San Francisco in San Francisco City and County, California — The American West (Pacific Coastal)
The Main Fiferail...
This rope rigging was made fast to belaying pins located in the pintails along the ship's side and in the teak fireflies at the base of each mast, (The fiferail had its name because legendarily on men-of-war the ship's fifer and drummer perched here during court martial). A spider band about five feet up on the mast held other belaying pins to accommodate, in addition to cordage, the chain topsail sheets. The strain of this large large sail made chain instead of rope sheets necessary to control it, these passed through the rings visible on the fore part of the mast and then up to the spider band.
Each of the hundred and twenty-five or more "hauling ends" coming down the masts was made fast to its own particular belaying pin. This formula never varied from ship to ship as it enabled the sailors to always find the right rope no matter how dark the night.
"... destruction was so close at times that even yet I hold my breath a little when I think of the shrieking wind and the tremendous seas that were rolled into mountains. The bottom fell out of the barometer and the ship ran before the storm. Ca9t. Henry ordered all hands onto the poop and warned them that the ship might founder at any time."
"Fortunately, we had stripped down to a lower top'l some hours before the hurricane struck us, but even at that Capt. Henry felt that this was too much canvas. Twice during the two days the second mate, carpenter and an apprentice went to slack the main tops'l sheets. These were made 2 to 2 1/4 inch chain, coming down from the main yard amid ship, through fixed steel rings, and made fast criss-cross to the steal belaying pins on the mast ring.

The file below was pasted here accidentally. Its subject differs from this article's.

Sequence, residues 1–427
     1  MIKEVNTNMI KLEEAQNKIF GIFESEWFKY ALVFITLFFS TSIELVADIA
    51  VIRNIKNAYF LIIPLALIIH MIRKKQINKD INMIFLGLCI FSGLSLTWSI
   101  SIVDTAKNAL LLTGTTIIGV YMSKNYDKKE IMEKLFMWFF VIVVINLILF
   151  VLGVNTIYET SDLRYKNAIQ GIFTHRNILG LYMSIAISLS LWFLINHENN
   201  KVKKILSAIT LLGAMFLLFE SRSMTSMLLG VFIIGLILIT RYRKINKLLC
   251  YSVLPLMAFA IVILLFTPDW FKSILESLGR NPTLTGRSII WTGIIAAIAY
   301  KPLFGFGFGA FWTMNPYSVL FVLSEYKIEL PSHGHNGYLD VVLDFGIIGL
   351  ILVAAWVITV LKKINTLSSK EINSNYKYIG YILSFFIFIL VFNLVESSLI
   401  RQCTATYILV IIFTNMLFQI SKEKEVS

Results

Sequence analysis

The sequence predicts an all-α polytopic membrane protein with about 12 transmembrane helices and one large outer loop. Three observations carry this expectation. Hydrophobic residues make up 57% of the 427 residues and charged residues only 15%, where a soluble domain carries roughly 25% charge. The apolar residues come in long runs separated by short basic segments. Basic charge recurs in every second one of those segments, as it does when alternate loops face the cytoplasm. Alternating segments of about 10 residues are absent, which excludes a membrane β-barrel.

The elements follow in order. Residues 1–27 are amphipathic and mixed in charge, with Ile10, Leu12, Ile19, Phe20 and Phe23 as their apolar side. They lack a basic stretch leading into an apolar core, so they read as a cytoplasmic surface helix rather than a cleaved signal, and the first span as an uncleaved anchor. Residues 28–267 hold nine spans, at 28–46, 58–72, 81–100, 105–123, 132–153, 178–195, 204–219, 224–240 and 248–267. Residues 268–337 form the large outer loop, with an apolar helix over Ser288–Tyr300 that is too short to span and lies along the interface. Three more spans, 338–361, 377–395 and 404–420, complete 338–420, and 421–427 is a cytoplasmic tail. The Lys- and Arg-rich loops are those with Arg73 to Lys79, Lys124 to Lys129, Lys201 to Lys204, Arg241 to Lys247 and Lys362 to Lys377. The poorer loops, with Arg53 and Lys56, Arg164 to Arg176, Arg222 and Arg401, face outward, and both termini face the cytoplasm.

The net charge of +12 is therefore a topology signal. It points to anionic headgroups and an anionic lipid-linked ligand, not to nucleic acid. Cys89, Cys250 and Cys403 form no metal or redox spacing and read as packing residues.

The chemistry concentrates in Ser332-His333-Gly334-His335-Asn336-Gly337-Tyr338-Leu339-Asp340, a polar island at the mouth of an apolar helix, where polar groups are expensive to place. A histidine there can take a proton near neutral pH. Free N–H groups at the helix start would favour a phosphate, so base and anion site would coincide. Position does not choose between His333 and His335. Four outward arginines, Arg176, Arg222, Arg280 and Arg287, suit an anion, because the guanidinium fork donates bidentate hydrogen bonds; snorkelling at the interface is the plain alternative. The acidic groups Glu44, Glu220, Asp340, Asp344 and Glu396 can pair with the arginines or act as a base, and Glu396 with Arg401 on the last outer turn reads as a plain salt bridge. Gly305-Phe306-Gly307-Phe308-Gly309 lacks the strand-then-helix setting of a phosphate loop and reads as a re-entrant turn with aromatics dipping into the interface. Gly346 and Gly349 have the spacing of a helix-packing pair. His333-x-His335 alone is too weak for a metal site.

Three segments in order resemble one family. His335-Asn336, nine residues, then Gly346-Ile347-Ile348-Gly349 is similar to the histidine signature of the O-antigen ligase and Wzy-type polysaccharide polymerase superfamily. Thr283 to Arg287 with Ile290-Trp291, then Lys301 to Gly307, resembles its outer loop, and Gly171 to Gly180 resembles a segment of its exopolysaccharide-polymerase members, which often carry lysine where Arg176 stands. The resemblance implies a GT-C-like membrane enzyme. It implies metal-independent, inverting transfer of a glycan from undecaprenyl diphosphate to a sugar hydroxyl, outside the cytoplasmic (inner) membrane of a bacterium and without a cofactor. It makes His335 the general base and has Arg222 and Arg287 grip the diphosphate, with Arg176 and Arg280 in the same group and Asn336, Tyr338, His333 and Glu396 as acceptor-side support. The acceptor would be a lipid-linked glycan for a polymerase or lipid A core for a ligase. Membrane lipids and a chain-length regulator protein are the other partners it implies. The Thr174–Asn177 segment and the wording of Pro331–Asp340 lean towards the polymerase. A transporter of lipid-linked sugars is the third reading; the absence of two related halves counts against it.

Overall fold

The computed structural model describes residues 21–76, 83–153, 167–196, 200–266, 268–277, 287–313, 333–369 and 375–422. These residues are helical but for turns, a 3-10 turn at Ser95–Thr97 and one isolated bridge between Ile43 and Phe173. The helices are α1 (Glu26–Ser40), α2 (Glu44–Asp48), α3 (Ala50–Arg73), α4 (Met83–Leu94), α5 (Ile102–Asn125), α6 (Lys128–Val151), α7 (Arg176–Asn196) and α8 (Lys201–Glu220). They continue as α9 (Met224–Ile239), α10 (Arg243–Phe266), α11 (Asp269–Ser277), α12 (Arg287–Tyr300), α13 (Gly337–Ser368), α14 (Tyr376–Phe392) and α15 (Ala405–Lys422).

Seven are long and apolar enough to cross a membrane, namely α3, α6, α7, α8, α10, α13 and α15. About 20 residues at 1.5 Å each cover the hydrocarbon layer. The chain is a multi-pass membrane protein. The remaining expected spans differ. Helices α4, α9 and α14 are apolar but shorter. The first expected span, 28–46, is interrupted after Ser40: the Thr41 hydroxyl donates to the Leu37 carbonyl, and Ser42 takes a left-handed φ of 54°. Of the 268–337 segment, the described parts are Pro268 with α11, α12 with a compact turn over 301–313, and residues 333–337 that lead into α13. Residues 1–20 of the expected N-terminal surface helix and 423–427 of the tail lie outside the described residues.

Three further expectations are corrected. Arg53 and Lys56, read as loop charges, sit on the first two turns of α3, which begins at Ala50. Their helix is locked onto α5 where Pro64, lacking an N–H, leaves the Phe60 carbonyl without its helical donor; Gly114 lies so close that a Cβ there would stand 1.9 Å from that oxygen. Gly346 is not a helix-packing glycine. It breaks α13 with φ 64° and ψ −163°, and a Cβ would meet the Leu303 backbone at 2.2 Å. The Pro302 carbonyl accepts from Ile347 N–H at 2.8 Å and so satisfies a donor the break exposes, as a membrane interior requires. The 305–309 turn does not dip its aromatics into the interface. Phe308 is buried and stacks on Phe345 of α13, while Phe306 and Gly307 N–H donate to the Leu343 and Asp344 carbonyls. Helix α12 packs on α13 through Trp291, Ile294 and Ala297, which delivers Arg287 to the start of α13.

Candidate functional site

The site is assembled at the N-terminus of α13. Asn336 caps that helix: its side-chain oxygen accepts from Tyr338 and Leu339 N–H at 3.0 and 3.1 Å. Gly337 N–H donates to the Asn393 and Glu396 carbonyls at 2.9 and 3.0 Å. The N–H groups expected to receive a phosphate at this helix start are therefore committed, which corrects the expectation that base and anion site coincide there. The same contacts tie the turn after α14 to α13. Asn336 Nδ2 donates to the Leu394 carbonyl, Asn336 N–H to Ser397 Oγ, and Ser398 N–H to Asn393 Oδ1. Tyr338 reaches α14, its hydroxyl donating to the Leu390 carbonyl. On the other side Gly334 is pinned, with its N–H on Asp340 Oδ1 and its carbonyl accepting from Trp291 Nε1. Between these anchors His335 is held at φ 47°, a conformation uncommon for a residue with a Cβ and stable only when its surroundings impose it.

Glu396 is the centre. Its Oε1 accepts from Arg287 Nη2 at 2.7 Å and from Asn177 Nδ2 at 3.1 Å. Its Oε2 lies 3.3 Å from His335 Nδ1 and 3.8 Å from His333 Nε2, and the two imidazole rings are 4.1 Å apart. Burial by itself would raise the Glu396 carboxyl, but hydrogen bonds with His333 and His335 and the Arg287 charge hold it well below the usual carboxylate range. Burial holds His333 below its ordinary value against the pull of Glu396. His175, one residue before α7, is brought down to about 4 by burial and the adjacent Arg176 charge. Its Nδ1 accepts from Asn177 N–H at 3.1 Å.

"it needed a top maul to persuade those sheets to slack around the pins, such was the force of the wind on that famous tops'l. On the two occasions the sheets were slacked the ship responded by not burying herself so deeply as previously. She ran like a scared pig, "nose down and tail up," steered like a railway wagon, two men at the wheel night and day, and swinging two points either side of her course."
Location. 37° 48.596′ N, 122° Touch for map. Marker is at or near this postal address: 2950 Hyde Street, San Francisco CA 94109, United States of America.
Other nearby markers. At least 8 other markers are within walking distance of this marker. Steering the Ship... (a few steps from this marker); Hicks Engine (a few steps from this marker); Balclutha (a few steps from this marker); The Deckhouse (within shouting distance of this marker); Scow Schooner Alma (within shouting distance of this marker); The Half-Deck (within shouting distance of this marker); Workin' on the Railroad (within shouting distance of this marker); Towing in the Open Ocean (within shouting distance of this marker). Touch for a list and map of all markers in San Francisco.
More about this marker. This marker is locate on board the Balclutha, docked at Hyde Street Pier.
Categories. • Waterways & Vessels •
Credits. This page was last revised on March 10, 2017. This page originally submitted on March 10, 2017, by Barry Swackhamer of San Jose, California. This page has been viewed 96 times since then. Photos: 1, 2, 3, 4, 5. submitted on March 10, 2017, by Barry Swackhamer of San Jose, California.